April 5, 2016
by J.D. Fichtner
McCalla Raymer, LLC – USFN Member (Georgia)
Compliance with the federal Servicemembers Civil Relief Act (SCRA) (50 U.S.C.A. §§ 3901-4043) has always been, and remains, a major concern in the American mortgage servicing industry. The reasoning for the importance of compliance with this particular law is two-fold: One, there is a unique moral component to compliance with this law that does not necessarily exist with other laws. The idea behind the SCRA — to protect the rights and property of those who choose to fight for our country — is something that resonates with Americans. Second, the penalties for violating the SCRA are severe (See 50 U.S.C.A. § 4041). For example, the Department of Justice recently entered into a $123 million settlement with five major servicers for an estimated 1,000 SCRA violations.
Mortgage investors have begun raising major concerns regarding two facets of SCRA compliance: (1) sending notice of potential SCRA rights in any default or collections action; and (2) the filing of affidavits in judicial actions. The SCRA does not explicitly require that servicers perform either of these actions; however, there is an argument that the SCRA contemplates these actions. Additionally, following these methods is an effective way of showing compliance with the requirements of the SCRA.
Notices — The SCRA places the burden of notifying servicemembers and other protected persons upon “the Secretary” of the servicemember’s respected service (50 U.S.C.A. § 3915). In the majority of cases, this will be the Secretary of Defense. Nonetheless, it is best for firms and servicers to include information concerning potential SCRA benefits any time they are pursuing legal or collections action. This is in order to give anyone who may be protected the opportunity to come forward and assert his or her protection.
Many investors and servicers now require that their servicers and vendors send some notice of potential SCRA benefits. In almost every action contemplated in the servicing industry (whether it be foreclosure, eviction, etc.), notice is required to be mailed to the subject property and/or to the borrowers/owners/occupants. Correspondingly, it is sound to include SCRA benefits information in all notices that a servicer, law firm, or vendor may send.
Affidavits — The SCRA does contemplate the filing of an affidavit attesting to the military status of defendants in civil actions, specifically in cases where a default judgment is sought or granted (50 U.S.C.A. § 3931). Section 3931 of the SCRA obliges all American courts to require plaintiffs to file an affidavit “stating whether or not the defendant is in military service and showing necessary facts to support the affidavit” or “if the plaintiff is unable to determine whether or not the defendant is in military service, stating that the plaintiff is unable to determine whether or not the defendant is in military service” in any civil action “in which the defendant does not make an appearance.”
While the SCRA induces all courts to follow this affidavit requirement, many courts do not apply this portion of the SCRA, either by not compelling that an affidavit as to military status of the defendant be filed prior to issuing a default judgment, or by not requiring sufficient language in the affidavit. Consequently, many investors and servicers now direct their law firms and vendors to file affidavits of military status in all judicial proceedings where they are listed as the plaintiff. The general practice is to file an affidavit asserting that the named defendant is not protected by the SCRA, along with a copy of a Defense Manpower Data Center (DMDC) record check showing the same. Many investors take this a step further and have very specific requirements regarding the form of the affidavits, the timing of the record checks, the execution and filing of these affidavits, as well as the language contained in the affidavit.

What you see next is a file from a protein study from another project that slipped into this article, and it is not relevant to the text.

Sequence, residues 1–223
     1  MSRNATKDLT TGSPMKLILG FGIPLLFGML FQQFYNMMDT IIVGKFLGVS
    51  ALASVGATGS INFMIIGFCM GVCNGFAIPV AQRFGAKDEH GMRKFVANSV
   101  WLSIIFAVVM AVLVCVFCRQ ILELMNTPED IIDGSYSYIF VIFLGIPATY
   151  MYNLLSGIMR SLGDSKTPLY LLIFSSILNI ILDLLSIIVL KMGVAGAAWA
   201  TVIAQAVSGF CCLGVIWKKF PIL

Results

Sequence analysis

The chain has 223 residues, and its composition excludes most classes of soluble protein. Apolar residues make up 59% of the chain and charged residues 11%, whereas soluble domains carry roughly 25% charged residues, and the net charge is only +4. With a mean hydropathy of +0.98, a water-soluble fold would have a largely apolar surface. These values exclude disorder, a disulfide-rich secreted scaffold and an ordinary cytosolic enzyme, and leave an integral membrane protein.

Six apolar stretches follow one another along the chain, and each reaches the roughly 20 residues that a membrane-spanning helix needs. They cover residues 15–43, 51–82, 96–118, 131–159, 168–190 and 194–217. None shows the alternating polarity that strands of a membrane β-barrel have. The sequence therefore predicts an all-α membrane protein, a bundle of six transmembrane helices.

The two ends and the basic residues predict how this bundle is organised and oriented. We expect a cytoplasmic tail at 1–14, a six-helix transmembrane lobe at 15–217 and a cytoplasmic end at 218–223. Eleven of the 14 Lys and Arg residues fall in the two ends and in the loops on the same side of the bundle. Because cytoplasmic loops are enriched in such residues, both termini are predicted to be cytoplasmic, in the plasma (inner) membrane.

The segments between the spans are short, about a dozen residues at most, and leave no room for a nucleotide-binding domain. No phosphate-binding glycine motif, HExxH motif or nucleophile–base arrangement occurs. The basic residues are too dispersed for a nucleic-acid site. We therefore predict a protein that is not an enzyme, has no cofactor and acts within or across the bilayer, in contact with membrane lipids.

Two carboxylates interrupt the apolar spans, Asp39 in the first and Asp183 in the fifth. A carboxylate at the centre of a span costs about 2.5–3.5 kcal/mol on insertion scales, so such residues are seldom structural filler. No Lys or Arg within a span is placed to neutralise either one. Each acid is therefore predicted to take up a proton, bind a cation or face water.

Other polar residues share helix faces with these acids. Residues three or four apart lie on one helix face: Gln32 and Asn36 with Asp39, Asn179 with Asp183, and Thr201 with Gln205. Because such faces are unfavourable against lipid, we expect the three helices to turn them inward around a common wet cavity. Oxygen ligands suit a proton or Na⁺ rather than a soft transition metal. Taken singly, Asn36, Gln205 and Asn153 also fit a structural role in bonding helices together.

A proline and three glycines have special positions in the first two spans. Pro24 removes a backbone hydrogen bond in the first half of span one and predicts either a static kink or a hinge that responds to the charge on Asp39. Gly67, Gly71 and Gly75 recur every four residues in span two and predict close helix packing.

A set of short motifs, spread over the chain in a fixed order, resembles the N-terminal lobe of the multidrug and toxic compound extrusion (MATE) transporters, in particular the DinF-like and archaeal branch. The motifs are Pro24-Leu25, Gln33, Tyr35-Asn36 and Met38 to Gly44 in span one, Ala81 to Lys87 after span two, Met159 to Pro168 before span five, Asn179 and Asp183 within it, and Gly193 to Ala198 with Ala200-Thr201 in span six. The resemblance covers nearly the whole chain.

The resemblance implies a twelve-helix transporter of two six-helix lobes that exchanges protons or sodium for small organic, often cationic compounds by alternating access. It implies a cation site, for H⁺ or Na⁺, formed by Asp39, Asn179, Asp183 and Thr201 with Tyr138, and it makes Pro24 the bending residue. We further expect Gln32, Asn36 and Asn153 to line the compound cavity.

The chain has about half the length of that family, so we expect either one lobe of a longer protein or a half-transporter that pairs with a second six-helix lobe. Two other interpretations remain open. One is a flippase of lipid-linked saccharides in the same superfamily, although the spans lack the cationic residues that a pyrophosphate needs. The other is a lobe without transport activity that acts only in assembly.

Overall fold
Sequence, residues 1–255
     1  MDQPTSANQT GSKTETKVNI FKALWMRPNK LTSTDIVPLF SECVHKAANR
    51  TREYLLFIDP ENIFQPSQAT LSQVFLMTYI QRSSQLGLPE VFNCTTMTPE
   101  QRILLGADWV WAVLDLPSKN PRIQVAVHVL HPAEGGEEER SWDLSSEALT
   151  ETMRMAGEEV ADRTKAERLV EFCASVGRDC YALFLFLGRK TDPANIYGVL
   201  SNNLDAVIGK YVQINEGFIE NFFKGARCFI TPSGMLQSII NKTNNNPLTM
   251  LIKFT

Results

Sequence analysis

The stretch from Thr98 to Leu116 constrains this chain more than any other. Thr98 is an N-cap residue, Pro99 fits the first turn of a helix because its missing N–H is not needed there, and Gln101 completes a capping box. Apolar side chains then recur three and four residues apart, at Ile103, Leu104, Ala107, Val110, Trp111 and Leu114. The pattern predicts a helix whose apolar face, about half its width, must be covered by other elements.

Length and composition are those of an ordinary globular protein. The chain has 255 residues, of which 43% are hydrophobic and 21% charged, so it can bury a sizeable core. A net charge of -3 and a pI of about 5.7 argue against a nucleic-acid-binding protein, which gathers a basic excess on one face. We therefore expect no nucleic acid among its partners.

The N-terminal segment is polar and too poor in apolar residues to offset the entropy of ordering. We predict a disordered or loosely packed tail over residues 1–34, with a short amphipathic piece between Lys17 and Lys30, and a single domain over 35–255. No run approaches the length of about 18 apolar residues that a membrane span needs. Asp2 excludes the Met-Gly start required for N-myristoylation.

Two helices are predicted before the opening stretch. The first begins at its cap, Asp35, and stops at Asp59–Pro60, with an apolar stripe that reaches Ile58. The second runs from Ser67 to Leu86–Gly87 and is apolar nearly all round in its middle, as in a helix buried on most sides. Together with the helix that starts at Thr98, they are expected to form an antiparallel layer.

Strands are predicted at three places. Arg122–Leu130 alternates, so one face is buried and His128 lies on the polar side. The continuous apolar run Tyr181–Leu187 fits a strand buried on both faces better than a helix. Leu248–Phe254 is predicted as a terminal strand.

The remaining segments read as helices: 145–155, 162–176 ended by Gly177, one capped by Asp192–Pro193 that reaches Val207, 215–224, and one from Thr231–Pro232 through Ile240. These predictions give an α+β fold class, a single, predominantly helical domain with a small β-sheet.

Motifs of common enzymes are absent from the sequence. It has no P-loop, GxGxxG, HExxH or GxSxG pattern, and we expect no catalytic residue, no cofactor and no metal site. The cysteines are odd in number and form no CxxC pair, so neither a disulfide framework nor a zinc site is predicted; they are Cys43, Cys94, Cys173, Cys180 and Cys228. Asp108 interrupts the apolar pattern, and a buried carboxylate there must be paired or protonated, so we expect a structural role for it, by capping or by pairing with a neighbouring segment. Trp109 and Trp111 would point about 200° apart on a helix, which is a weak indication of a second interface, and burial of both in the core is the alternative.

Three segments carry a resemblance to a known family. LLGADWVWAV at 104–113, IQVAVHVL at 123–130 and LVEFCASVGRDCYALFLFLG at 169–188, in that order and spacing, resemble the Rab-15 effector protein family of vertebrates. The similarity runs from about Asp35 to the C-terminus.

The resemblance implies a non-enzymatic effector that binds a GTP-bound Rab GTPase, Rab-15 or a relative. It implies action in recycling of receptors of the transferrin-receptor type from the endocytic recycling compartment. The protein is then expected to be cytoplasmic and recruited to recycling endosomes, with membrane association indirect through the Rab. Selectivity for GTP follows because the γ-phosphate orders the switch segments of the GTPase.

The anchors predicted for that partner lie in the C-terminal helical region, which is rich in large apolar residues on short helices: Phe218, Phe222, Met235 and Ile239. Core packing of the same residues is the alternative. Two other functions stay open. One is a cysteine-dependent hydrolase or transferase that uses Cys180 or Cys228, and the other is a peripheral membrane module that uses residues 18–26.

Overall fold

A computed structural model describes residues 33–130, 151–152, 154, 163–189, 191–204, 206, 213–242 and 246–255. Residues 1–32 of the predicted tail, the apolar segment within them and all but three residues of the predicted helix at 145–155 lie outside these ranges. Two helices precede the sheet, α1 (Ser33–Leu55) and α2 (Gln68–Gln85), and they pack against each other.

Correspondingly, a recommended practice would be to ensure that in every judicial action filed, an affidavit as to the military status of the defendants, along with a DMDC record check attached as an exhibit, is submitted. This ensures that, even if a court is not applying section 3931, the relevant entity is in compliance with the section and can prove this in a potential action regarding an SCRA violation. It is also prudent for the affidavit to contain language addressing anyone else who may be affected by the litigation but is not named as a defendant (i.e., occupants in an eviction action who are not named as defendants because they are not required to be).
This language can be as simple as something along the lines of “[Plaintiff] is unaware of the military status of any John/Jane Does who may be affected by this judgment.” With that being said, it is important to keep in mind that many courts have their own specific requirements as to what may be filed and what forms must be used. In certain jurisdictions, filing an affidavit not on the court’s forms may create more problems than it solves, especially if the court has its particular SCRA affidavit procedure that conflicts with this suggestion. Accordingly, every effort should be made to take varying jurisdictional requirements into consideration.
There are steps that can be taken to help ensure compliance with the SCRA that are not explicitly contemplated or required by the SCRA. This brief article covers two relatively easy points. Specifically, the inclusion of SCRA benefits information in all notices sent, and the filing of an affidavit as to the defendant’s military status in all judicial actions.
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